In simple terms, under South Carolina law, there are three levels of stealing: larceny, common law robbery and armed robbery. This article deals with robbery and armed robbery
Greenville SC Criminal Defense: What is Robbery?
As noted, “larceny” is the technical legal term for what most people call “stealing.” Shoplifting is an example of larceny. Larceny is the taking and carrying away of the goods of another against the owner’s will or without his/her/their consent.
Under South Carolina law, the crime of “robbery” is an aggravated form of larceny. Essentially, “robbery” is larceny done with force, violence or the threat of violence. Robbery in South Carolina is defined by common law. This is reflected in the Criminal Code which states simply that “[t]he common law offense of robbery is a felony. Upon conviction, a person must be imprisoned not more than fifteen years.” See S. Car. Code, § 16-11-325.
Under the common law, robbery “.. is defined as the felonious or unlawful taking of money, goods, or other personal property of any value from the person of another or in his presence by violence or by putting such person in fear.” State v. Parker, 351 S.C. 567, 571 S.E.2d 288 (S. Car. Supreme Court 2002). As such, the elements of robbery include:
- The taking of property from another without justification; and
- With use of force, violence or intimidation.
Whether the accused acted with intimidation is a question for the jury to decide. The standard is whether an ordinary, reasonable person in the victim’s position would feel a threat of bodily harm from the perpetrator’s acts.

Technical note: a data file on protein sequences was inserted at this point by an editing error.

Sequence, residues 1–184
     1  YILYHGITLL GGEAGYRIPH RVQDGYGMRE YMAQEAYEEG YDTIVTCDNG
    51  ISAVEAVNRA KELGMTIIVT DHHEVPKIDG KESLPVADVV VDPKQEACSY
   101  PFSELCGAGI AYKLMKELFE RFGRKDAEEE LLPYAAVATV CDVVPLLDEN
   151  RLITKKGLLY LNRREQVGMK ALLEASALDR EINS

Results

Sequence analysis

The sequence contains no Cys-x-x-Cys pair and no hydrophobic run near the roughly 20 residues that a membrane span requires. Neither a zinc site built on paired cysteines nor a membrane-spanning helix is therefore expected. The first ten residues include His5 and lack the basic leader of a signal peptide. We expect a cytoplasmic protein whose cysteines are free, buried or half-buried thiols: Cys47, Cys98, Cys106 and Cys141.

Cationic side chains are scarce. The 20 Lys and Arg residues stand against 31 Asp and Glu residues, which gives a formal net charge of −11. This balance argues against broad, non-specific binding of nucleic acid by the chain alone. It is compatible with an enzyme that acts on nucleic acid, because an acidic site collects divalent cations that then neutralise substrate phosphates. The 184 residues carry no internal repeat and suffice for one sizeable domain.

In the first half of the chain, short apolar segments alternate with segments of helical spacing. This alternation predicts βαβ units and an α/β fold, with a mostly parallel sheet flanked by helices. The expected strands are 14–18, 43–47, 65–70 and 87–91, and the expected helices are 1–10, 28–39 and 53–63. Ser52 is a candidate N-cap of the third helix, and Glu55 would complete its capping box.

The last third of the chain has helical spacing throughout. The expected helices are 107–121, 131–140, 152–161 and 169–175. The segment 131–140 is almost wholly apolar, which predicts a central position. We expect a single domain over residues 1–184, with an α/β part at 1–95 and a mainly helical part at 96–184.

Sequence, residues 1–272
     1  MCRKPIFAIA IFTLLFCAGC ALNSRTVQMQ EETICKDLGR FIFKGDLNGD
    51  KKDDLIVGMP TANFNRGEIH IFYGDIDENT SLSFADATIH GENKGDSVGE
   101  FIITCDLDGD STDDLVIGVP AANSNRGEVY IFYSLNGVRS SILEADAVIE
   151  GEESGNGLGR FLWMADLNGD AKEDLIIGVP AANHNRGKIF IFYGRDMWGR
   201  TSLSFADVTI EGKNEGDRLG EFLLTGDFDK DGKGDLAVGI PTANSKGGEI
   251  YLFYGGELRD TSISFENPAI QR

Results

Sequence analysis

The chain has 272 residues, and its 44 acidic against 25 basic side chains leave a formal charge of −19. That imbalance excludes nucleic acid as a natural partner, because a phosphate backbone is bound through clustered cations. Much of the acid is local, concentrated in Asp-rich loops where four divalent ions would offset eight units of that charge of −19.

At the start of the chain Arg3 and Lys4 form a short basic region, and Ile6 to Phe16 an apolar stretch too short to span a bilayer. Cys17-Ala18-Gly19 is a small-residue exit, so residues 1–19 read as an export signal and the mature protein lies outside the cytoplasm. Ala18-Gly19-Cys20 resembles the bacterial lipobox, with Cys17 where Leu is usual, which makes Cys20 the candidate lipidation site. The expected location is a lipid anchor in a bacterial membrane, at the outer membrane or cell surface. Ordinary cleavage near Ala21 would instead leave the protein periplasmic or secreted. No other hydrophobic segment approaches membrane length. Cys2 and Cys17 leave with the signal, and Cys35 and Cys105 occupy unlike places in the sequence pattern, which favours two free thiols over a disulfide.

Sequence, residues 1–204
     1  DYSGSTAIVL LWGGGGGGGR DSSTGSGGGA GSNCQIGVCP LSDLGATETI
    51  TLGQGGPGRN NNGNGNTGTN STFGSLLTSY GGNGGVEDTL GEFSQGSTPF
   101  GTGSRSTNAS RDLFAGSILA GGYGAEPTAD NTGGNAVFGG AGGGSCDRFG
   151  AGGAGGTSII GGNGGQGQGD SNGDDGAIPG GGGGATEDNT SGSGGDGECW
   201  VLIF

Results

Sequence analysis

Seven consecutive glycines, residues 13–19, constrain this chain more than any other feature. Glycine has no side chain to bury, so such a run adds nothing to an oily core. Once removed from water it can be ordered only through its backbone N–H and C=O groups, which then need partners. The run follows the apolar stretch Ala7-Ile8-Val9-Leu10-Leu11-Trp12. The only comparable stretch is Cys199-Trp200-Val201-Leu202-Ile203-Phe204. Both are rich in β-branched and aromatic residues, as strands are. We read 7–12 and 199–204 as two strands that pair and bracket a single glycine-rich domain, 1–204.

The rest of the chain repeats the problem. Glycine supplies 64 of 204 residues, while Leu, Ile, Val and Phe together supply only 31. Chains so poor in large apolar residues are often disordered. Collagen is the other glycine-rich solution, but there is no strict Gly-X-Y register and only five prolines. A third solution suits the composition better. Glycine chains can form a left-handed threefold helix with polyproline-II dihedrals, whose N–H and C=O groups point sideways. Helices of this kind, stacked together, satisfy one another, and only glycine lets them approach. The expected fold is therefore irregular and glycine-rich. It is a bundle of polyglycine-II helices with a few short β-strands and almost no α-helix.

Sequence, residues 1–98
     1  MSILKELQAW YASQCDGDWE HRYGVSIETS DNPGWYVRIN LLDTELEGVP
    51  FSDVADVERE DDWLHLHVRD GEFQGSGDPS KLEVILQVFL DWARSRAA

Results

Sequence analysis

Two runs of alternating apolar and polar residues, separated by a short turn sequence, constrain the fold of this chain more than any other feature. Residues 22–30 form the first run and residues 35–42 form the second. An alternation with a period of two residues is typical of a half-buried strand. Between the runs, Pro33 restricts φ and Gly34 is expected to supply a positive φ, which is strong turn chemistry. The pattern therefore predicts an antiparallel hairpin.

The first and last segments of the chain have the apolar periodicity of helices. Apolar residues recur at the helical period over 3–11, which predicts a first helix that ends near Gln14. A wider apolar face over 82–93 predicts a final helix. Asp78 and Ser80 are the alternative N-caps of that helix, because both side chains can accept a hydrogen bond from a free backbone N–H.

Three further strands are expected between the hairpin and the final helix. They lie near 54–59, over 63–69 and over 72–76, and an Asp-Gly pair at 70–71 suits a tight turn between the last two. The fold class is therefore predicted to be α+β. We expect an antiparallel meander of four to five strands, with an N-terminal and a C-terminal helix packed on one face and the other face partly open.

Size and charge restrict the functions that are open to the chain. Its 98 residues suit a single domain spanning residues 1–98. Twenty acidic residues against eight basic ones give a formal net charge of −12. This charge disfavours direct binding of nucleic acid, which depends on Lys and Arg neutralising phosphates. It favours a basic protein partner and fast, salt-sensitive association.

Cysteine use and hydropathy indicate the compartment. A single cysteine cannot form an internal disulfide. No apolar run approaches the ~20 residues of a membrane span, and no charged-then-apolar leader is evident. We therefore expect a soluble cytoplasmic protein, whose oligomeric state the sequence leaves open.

As noted above, robbery is a Class D felony under South Carolina law and 15 years imprisonment is the maximum sentence.
Greenville SC Criminal Defense: What is Armed Robbery?
As the name implies, “armed robbery” is a robbery committed while either armed with a deadly weapon or claiming to be armed with a deadly weapon. S. Car. Code § 16-11-330. Moreover, according to recent cases, any use of a weapon during the process of stealing another’s property will be considered armed robbery. Thus, for example, in the case of State v. Moore, 649 S.E.2d 84 (S. Car. Court of Appeals 2007), the defendant shoplifted about $450 worth of merchandise from a Wal-Mart. That would have been petit larceny which is a misdemeanor punishable by a sentence of imprisonment of no more than 30 days. S. Car. Code § 16-13-30(A).
However, when Wal-Mart security confronted the defendant outside the store, he pulled a .22 caliber pistol from his pocket. That converted his minor shoplifting into felony armed robbery. He was eventually convicted and sentenced to 15 years in prison.
Armed robbery is considered a Class A felony — the most severe. If convicted, the mandatory minimum sentence is 10 years in prison with a maximum of 30 years. Imprisonment is mandatory — so no probation or given a suspended sentence.
The definition of “armed” is very broad. Essentially, anything that might be used as a weapon. The statute defines “armed” as use of “a pistol, dirk, slingshot, metal knuckles, razor, or other deadly weapon.” Thus, a sharp stick might well constitute a “deadly weapon” under some circumstances.
Greenville SC Criminal Defense Attorneys: Call David R. Price, Jr., P.A.
If you have been charged with larceny, robbery or armed robbery, call the proven and dedicated Greenville SC criminal defense lawyers at David R. Price, Jr., P.A. Contact our office today via email or by calling. We know South Carolina law and will do everything possible to defend your rights and prevent your conviction.